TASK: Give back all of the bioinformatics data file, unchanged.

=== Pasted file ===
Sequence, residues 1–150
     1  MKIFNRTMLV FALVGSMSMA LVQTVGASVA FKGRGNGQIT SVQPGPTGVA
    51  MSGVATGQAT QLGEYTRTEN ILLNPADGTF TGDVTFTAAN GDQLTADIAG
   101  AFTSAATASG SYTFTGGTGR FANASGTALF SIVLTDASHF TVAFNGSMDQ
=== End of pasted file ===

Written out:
Sequence, residues 1–150
     1  MKIFNRTMLV FALVGSMSMA LVQTVGASVA FKGRGNGQIT SVQPGPTGVA
    51  MSGVATGQAT QLGEYTRTEN ILLNPADGTF TGDVTFTAAN GDQLTADIAG
   101  AFTSAATASG SYTFTGGTGR FANASGTALF SIVLTDASHF TVAFNGSMDQ